A woman who wants to divorce her husband on the grounds she is unhappy has lost her Supreme Court appeal.
Tini Owens, 68, from Worcestershire, wanted the court to grant her a divorce from her husband of 40 years Hugh, who is refusing the split.
The Supreme Court unanimously rejected the appeal, meaning she must remain married until 2020.
Mrs Owens' solicitor said she was "devastated" by the decision and "cannot move forward with her life".
Under the current law in England and Wales, unless people can prove their marriage has broken down due to adultery, unreasonable behaviour or desertion, the only way to obtain a divorce without a spouse's consent is to live apart for five years.
Following the ruling, the Ministry of Justice said: "The current system of divorce creates unnecessary antagonism in an already difficult situation.
"We are already looking closely at possible reforms to the system."
The couple were married in 1978 and have two adult children.
Mrs Owens said she had been contemplating a divorce since 2012, but did not leave the matrimonial home until February 2015.
She alleged the marriage had broken down irretrievably and Mr Owens had behaved in such a way that she could not reasonably be expected to live with him.
Mr Owens, 80, has refused to agree to a divorce and denied Mrs Owens' allegations about his behaviour.
He said if their marriage had irretrievably broken down it was because she'd had an affair, or because she was "bored".
Supreme Court justices analysed rival legal arguments, which revolved around concepts of "unreasonable" behaviour and "fault", at a hearing in May and delivered a ruling on Wednesday.
One, Lord Wilson, said justices had ruled against Mrs Owens "with reluctance" and it was a case for Parliament.
A statement made by Mr Owens' solicitors said he should not be "unfairly criticised for attempting to save his marriage".
"Hugh Owens takes no pleasure from this process which has impacted on the private family life of him and his wife," the statement said.
Simon Beccle, Mrs Owens' solicitor, said she had hoped the justices would make a decision which would be "forward-thinking and fit with the current social mores".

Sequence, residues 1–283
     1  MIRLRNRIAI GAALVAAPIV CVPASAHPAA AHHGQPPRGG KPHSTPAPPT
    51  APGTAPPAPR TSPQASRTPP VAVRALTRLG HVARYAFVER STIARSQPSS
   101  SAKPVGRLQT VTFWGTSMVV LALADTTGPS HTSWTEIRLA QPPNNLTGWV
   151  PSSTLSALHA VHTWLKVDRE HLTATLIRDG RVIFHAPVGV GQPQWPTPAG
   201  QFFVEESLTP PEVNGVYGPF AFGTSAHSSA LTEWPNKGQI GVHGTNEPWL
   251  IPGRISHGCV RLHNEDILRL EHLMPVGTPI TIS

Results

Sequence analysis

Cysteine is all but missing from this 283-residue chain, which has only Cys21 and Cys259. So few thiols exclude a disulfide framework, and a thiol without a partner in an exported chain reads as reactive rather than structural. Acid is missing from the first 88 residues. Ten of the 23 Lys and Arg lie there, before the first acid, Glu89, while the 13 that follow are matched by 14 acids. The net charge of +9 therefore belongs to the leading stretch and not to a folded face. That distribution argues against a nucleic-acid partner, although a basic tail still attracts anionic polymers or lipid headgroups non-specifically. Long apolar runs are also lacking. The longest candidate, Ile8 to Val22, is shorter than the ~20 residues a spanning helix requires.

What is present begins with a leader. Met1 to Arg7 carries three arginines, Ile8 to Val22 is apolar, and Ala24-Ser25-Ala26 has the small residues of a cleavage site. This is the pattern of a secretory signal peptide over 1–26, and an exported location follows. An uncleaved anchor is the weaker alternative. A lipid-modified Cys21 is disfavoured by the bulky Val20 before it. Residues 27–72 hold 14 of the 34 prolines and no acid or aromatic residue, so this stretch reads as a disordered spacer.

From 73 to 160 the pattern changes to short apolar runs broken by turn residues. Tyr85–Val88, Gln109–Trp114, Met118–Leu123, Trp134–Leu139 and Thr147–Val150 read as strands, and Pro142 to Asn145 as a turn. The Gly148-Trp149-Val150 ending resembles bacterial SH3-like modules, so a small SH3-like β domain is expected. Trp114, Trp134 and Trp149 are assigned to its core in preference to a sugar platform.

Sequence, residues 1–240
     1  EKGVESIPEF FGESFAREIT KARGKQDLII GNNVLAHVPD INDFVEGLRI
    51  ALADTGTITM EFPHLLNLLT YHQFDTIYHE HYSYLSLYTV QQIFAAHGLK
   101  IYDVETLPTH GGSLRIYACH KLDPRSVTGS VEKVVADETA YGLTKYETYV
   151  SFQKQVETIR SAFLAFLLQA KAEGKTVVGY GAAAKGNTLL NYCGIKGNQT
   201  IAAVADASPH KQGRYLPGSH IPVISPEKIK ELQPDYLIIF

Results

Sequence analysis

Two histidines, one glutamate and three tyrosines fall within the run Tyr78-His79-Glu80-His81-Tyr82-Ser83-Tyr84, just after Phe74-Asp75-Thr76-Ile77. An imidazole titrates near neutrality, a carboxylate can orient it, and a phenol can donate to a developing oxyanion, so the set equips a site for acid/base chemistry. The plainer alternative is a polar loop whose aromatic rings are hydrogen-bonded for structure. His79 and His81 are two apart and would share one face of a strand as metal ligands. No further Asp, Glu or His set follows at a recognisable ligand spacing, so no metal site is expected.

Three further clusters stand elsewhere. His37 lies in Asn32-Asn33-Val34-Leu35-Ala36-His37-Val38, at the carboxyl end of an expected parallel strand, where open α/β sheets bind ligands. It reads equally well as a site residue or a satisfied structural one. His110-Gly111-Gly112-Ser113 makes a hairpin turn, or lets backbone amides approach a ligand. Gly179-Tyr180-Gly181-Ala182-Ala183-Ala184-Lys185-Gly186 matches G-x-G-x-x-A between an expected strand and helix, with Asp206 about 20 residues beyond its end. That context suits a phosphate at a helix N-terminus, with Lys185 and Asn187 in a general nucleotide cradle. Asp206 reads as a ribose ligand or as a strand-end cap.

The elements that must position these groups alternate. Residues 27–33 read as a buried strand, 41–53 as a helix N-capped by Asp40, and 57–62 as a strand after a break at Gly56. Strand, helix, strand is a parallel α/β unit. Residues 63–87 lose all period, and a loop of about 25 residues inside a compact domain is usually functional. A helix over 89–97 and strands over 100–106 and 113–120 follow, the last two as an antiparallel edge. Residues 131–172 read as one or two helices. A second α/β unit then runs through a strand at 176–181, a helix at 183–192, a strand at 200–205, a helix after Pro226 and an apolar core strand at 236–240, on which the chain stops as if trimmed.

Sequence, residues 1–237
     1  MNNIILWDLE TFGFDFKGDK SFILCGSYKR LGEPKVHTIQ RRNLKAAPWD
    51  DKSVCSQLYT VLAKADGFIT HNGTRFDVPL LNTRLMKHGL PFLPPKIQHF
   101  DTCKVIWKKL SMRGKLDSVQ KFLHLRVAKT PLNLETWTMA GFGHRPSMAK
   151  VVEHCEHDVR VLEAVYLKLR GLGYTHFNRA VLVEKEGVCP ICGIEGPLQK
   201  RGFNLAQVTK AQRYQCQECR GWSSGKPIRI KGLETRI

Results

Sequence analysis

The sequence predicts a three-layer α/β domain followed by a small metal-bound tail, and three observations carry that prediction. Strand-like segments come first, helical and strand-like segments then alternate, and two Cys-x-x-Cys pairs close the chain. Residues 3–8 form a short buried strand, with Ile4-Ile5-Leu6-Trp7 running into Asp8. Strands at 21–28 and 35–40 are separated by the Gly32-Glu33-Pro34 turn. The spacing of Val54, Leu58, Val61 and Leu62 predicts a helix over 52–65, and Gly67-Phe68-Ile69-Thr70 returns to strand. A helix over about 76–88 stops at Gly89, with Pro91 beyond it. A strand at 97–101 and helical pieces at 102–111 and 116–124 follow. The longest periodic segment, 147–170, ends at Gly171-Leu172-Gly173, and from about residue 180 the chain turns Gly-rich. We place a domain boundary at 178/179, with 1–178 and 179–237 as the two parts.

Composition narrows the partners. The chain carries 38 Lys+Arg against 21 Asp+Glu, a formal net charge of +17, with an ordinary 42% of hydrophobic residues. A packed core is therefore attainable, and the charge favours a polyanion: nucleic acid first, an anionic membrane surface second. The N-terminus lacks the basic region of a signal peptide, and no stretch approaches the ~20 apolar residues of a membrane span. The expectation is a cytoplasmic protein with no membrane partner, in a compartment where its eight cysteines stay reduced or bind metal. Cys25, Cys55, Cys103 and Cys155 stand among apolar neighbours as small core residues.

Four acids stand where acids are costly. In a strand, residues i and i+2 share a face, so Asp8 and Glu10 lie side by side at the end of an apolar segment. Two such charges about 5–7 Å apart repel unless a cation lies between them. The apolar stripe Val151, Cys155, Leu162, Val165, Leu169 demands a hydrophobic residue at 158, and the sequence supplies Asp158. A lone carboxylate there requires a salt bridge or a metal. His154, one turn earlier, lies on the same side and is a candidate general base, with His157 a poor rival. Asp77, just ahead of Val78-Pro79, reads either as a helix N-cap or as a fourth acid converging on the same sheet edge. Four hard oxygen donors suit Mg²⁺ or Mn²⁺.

Supreme Court president Lady Hale said she found the case "very troubling" but it was not for judges to "change the law".
The original judge who heard the case found the marriage had broken down, but that Mrs Owens' examples were "flimsy and exaggerated".
The case has sparked a debate about whether divorce laws in England and Wales need to change.
Caroline Elliott, a partner at law firm Shakespeare Martineau, said: "England and Wales currently lag far behind other countries with their divorce laws and there is a strong mood for reform, which includes the introduction of 'no-fault' divorces."
Analysis by BBC legal correspondent Clive Coleman
Rarely in the field of Supreme Court judgements has a ruling been given with such misgivings by so many.
Lady Hale, the court's president, called it "a very troubling case". Lord Wilson and Lord Mance shared "uneasy feelings".
Why? Because there is deep disquiet about a law that forces spouses to assign blame in order to get their divorce.
Many believe blame only exacerbates the problems and conflicts inherent in what is already a difficult and stressful process.
There have been calls for a move to a "no-fault" system for decades, like those that exist in the US, Australia and Scotland.
A private members' bill has been introduced into Parliament by former family judge Baroness Butler-Sloss, seeking a review of the current law.
However, there is little immediate chance of change in England and Wales.
Mrs Owens' lawyers had suggested a "modest shift" of focus in interpretation of legislation was required.
They argued she should not have had to prove Mr Owens' behaviour has been "unreasonable", only that she should not "reasonably be expected" to remain with him.
Nigel Dyer QC, who led Mr Owens' legal team, disagreed and raised concerns about the introduction of divorce on "demand".
One Supreme Court judge said she reached her conclusion with "no enthusiasm whatsoever" but that Parliament would have to decide whether to introduce "no-fault" divorce on demand.
Another said Parliament had "decreed" that being in a "wretchedly unhappy marriage" was not a ground for divorce.
Grounds for divorce in England and Wales:
When you apply for a divorce you must prove your marriage has broken down and give one of the following five reasons:
- Unreasonable behaviour
- You have lived apart for more than two years and both agree to the divorce
- You have lived apart for at least five years, even if your husband or wife disagrees